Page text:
Farewell, Lady Bellemont
Former five-star Baton Rouge hotel demolished
By Mark RedmondPosted Jun 6, 2012
The Bellemont Hotel on Airline Highway weathered a great deal of evolution and change in Baton Rouge during the years between its 1946 opening and the gradual decommissioning of its various internal spaces in the middle of the 21st century’s first decade.
In that gloriously nostalgic era, in which Florida Boulevard was Baton Rouge’s main drag, the Bellemont was a place where magical things happened: Alabama’s Crimson Tide celebrated their narrow football victory over the Tigers by attempting to abscond from the hotel with 85 different items from the Bellemont’s linen collection, including towels, pillowcases, and bed sheets; Orson Welles lodged there during the filming of The Long Hot Summer in 1957, and his poolside photo was published in The Advocate; throughout the 1960s, “Catfish Bill” Carrigan hosted his radio broadcasts from behind a large window in the hotel so that guests and other curious individuals could watch him operate his turntables. Then, one magical morning in 1996, yours truly – age 9 – met the wonderful George Takei at my first and only Star Trek convention in the hotel’s Great Hall Convention Center.
The days when movie stars could be seen wandering the halls and musical celebrities could be found lounging around the Bellemont’s pool are long gone now, and, with the hotel’s recent demolition, those halcyon days are gone forever.
In the past 10 years, the hotel transformed from a vibrant five-star hotel into a deserted and desolate façade haunted by echoes of long-forgotten music and inhabited by transients and the homeless. As late as 2006, the hotel was still functional and operational, as evidenced by online reviews from various sources. These reviews vary wildly in their content. For every visitor who complained about Bellemont’s deteriorating structure and failed amenities, there was another review singing the hotel’s praises.
The problem? This praise was not directed at the Bellemont as it had become, but as it had once been. “I was in junior high when I stayed here,” one review said, “everything was beautiful and gorgeous. It’s so sad to see such a beautiful place just sit and rot.”
“I stayed here in the early 80s,” another reviewer wrote, before noting that the Bellemont had become dilapidated. “The hotel is in deplorable shape and probably past the point of being able to be renovated.”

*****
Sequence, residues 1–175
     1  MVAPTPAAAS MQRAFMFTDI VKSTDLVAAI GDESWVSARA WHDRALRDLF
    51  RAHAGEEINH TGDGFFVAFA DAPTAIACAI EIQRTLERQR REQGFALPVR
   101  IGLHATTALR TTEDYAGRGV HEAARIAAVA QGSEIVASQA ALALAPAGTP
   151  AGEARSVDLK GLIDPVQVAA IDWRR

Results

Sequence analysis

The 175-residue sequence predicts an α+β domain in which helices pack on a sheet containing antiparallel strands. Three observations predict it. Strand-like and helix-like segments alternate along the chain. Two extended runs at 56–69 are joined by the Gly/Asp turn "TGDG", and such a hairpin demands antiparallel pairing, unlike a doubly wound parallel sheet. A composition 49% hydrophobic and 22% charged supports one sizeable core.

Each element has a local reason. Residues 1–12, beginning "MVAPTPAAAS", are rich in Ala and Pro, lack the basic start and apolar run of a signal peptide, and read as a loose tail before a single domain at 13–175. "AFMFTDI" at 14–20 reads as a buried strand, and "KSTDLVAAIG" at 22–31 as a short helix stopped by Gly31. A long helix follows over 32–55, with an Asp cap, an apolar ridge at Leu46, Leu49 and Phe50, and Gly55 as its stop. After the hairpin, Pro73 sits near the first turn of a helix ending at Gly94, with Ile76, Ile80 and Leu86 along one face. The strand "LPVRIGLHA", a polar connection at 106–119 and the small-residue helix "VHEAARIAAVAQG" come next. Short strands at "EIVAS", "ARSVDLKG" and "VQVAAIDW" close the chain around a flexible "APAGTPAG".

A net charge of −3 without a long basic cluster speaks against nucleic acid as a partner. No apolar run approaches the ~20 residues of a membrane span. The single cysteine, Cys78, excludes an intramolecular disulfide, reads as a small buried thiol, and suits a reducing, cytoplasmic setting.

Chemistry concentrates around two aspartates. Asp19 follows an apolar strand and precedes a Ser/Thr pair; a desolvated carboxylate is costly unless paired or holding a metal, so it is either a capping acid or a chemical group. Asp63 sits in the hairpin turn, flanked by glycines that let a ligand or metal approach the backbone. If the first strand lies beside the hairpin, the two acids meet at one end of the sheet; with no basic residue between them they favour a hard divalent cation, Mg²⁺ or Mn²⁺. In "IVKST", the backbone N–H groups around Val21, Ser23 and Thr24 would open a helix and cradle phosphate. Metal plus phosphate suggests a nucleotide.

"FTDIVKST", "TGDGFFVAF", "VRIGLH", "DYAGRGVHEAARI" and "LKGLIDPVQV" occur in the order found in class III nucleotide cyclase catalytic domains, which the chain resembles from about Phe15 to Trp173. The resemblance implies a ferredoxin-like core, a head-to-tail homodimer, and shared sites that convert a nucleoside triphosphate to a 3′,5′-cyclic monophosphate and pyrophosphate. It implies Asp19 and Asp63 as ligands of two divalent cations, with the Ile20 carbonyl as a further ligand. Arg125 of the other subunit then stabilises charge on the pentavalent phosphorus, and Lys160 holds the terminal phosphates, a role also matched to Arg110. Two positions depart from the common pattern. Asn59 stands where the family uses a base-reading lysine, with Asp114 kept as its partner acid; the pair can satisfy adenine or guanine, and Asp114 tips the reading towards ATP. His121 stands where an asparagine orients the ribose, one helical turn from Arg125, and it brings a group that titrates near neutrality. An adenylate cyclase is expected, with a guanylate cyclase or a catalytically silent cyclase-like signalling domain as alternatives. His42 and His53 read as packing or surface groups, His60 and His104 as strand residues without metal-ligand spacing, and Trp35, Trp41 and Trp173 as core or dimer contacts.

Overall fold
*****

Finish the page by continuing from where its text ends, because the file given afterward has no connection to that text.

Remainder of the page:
What happened? How did a Baton Rouge landmark with so much history become so withered that tearing down the building was the best possible solution?
In short, time makes corpses of us all. There was nothing wrong with architect AC Lewis’ design, nothing that would indicate that the site’s decadence was restricted to a 60 year timeframe. Due to Baton Rouge’s expansion into suburban neighborhoods and its outward growth, commercial outlets and socialization spaces began to move to different parts of the city. The closing of the Bon Marche Mall in the early 1990s and the construction of the Mall of Louisiana in the latter half of the decade sounded the final death knells for Florida Boulevard and Airline Highway as cosmopolitan centers. Development in Baton Rouge instead began to center around the areas that were most easily accessible from I-10, and the area around the Bellemont turned into a veritable ghost town.
The hotel had already fallen into disrepair by 2005, when it was used as a “turnaround oasis” and headquarters for New Orleans firefighters and police following Hurricane Katrina, and 2006 saw the old girl’s final visitors. Even after the hotel proper was closed, the convention center remained open for a few years. Aerial photographs taken in 2007 show that there were still FEMA trailers in use on the property after the hotel became defunct. A 2008 photo essay for the blog “Abandoned Baton Rouge” showed how quickly the hotel had, like Tintern Abbey, been retaken by nature: collapsed columns revealed that they had never been load-bearing at all, trees growing inside of ground-level rooms burst forth from collapsed roofs, and squatters engaged in a constant battle with mold spores for dominance over the space.
Ultimately, Joseph Calloway bought the Bellemont, the Great Hall, and 18 acres of land in 2009 for $535,000, and told he told The Advocate in December that he had no idea what to do with the property. In May 2012 he made his decision, and now all that remains of the Bellemont is a pile of rubble.
“Farewell, Lady Bellemont,” one online reviewer closed by saying. “You were a beauty. Thank you for allowing me such great memories from childhood.” This sentiment is echoed on The Bellemont’s Facebook fan page, where devotees and former patrons share stories, memories, and photos of the hotel’s glory days.
All is not lost, however. A second, identical Bellemont Hotel, built by a friendly competitor of AC Lewis, still exists in Natchez, Mississippi. It is preserved perfectly, save for the name on the sign, which now announces to visitors that it is a Days Inn. It may not be the same, but those who would like to walk through the Bellemont lobby one last time can experience the next best thing.
For those of us who know that the experience just wouldn’t be the same, however, I too say, “Farewell, Lady Bellemont.”
Drop us a line to Editor@DigBatonRouge.com.